Malaysia — SEVERAL local authorities have agreed to come together to tackle the on-going illegal dumping problem and put an end to peat fires at the Sungai Kelang riverbank in Taman Sri Manja in PJS3, Petaling Jaya.
On April 24, StarMetro, visited the illegal dumpsite with representatives from the Petaling Jaya Municipal Council (MBPJ) and councillors, Taman Medan assemblyman Haniza Talha, Petaling District land office, Department of Environment (DOE), Selangor Water Management Authority (LUAS), Selangor Drainage and Irrigation Department (DID) and Penchala fire station.
The illegal dumping of waste and the peat fire issue requires the joint cooperation of all parties to tackle the matter and 30 representatives from the various agencies, were positive about resolving the issues together.
Haniza said she was glad that all parties were serious in handling the issue and hoped the agencies involved would support the other, and resolve the matter quickly, to ease residents worries.
Smoke from the peat fire irritates the eyes and residents in Taman Sri Manja and Taman Medan are suffering.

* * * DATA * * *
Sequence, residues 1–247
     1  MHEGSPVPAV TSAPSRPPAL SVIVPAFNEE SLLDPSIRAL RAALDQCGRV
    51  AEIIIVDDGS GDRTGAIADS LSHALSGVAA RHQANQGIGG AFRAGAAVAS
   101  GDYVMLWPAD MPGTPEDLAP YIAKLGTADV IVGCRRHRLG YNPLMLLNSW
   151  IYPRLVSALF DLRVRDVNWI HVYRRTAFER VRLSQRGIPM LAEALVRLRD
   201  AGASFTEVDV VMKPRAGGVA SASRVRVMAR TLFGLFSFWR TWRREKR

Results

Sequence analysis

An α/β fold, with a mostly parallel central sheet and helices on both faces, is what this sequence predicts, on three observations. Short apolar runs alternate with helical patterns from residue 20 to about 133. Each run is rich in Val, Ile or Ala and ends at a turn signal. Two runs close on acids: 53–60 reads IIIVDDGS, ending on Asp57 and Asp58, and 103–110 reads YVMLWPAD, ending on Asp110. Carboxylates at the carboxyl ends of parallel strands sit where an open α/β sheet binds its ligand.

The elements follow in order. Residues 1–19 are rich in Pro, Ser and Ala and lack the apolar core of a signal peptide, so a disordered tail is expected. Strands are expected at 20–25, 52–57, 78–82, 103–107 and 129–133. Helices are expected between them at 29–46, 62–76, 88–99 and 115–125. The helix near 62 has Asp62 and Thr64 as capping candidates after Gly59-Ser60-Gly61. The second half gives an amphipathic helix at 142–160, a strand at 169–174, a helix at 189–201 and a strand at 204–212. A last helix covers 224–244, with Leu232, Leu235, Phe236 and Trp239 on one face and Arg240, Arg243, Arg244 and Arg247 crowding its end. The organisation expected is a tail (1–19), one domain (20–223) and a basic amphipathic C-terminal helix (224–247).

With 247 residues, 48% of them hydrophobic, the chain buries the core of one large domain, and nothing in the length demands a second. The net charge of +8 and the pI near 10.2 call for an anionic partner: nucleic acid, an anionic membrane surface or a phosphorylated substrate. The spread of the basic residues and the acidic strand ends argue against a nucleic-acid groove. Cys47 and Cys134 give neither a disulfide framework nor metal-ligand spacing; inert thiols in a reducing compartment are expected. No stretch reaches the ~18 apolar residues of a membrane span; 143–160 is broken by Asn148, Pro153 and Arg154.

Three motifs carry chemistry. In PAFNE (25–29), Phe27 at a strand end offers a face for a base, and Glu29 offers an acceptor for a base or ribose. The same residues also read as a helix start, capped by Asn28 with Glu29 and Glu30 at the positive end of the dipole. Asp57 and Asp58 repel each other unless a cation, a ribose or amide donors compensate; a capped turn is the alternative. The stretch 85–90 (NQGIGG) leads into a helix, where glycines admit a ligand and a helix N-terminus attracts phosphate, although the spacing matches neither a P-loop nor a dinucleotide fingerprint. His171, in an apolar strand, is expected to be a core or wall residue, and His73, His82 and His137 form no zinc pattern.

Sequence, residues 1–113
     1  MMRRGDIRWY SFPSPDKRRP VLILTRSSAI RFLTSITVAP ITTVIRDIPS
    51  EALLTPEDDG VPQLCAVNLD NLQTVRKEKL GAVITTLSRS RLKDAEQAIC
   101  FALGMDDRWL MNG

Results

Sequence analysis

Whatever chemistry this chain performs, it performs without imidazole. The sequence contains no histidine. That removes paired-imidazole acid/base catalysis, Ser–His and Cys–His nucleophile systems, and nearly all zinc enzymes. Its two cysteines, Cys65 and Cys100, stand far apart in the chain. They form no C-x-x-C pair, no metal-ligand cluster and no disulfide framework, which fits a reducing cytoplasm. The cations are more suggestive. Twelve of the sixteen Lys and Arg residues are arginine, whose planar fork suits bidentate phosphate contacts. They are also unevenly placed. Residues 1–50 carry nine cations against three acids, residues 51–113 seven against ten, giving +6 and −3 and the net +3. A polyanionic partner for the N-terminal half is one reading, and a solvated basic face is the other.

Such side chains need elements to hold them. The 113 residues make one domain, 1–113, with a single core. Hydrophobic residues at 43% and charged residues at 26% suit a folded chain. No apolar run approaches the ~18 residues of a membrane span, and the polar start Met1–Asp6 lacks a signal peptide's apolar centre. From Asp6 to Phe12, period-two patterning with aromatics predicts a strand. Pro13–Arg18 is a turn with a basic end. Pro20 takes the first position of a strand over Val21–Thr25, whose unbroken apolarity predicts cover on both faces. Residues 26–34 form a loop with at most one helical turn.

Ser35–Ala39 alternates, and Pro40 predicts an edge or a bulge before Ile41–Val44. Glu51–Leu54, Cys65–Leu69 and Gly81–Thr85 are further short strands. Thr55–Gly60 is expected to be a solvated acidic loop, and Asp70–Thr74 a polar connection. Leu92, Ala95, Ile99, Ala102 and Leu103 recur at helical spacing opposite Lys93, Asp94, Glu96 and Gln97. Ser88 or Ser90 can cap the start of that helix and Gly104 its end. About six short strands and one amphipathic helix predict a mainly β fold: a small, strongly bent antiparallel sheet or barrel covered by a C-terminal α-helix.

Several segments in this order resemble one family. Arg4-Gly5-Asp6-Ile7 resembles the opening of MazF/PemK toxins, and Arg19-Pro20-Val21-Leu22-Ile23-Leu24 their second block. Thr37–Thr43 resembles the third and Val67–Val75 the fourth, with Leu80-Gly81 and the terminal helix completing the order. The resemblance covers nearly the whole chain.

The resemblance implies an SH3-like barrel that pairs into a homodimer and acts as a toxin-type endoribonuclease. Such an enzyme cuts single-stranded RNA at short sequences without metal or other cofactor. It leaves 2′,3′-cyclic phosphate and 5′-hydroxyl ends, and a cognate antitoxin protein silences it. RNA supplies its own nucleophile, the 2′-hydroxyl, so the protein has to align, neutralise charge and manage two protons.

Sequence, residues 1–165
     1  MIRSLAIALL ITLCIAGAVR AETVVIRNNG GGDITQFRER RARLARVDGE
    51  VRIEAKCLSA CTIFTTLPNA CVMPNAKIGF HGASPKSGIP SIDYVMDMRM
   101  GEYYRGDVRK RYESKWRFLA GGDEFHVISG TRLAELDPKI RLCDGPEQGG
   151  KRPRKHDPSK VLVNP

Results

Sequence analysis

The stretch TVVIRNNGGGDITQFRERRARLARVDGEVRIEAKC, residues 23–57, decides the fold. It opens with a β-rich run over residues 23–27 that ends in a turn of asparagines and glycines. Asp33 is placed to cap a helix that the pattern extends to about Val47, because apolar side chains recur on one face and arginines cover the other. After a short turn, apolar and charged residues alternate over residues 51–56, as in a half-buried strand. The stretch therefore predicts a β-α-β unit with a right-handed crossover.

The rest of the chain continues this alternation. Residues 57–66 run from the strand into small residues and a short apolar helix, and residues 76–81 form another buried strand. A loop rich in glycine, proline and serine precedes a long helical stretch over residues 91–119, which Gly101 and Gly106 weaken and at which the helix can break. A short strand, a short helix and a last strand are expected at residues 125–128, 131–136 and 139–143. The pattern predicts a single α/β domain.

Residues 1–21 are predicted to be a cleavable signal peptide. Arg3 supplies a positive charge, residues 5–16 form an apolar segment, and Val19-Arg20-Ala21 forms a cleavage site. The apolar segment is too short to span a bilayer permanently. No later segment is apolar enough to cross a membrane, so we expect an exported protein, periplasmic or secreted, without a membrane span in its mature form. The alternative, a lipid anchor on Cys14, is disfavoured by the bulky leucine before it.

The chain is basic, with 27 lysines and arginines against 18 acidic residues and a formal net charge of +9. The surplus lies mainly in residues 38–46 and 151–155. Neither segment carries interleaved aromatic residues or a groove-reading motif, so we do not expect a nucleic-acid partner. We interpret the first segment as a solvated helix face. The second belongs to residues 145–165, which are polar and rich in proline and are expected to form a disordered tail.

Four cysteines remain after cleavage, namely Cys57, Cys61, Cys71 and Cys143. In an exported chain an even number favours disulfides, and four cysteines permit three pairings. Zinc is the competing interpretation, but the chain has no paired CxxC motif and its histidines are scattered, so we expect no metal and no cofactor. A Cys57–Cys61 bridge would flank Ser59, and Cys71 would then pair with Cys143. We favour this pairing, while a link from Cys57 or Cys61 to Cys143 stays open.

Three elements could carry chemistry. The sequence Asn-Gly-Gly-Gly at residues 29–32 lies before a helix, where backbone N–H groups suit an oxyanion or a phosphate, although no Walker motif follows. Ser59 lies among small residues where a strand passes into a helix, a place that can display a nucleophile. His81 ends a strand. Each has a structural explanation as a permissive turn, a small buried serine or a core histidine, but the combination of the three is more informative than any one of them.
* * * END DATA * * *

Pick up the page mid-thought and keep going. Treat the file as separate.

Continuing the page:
With the continuous burning and the release of toxic gas, I fear for their health, she said.
Haniza said she would write to the land office to declare the peat fire situation as a natural disaster.
The peat fire has not stopped since early March and this has led to health complications. This is serious matter and we need to move fast, she said.
Haniza said the land office would need to ascertain the status of the land at the riverbank as some occupants had Temporary Operating Licence (TOL).
We want to clear the riverbank from all illegal activities and to do so, we need to be sure of the land status, she said.
The fire station together with DOE, she said, would conduct a test on the gas emitted from the peat fire.
Thirdly, a request has been made to DID to place barriers at the illegal dump site, to prevent further activity.
We hope 5,000kg boulders will be placed at the entrance to the dump site, she said adding that Penchala fire station chief Zaidi Ahtan said his station had put out fires at the PJS3 site 15 times since January.
Sometimes it takes 24 hours to put out the peat fire and it is dangerous.
The situation is bad and has affected the health of some of his officers.
Each time when we get a call, we rush to the site and put out the fire. Three of my firefighters were admitted in the hospital due to the side effects of over inhaling smoke from the peat fire.
We are not complaining but we hope the issue is tackled soon, otherwise we will be wasting our resources, said Zaidi.
How it started
The riverbank at Taman Sri Manja, Petaling Jaya has been subject to continous peat fire since March.
In February, StarMetro reported that parts of the riverbank at PJS3 and PJS4 was, for over a decade, used as an illegal dumping ground for construction waste.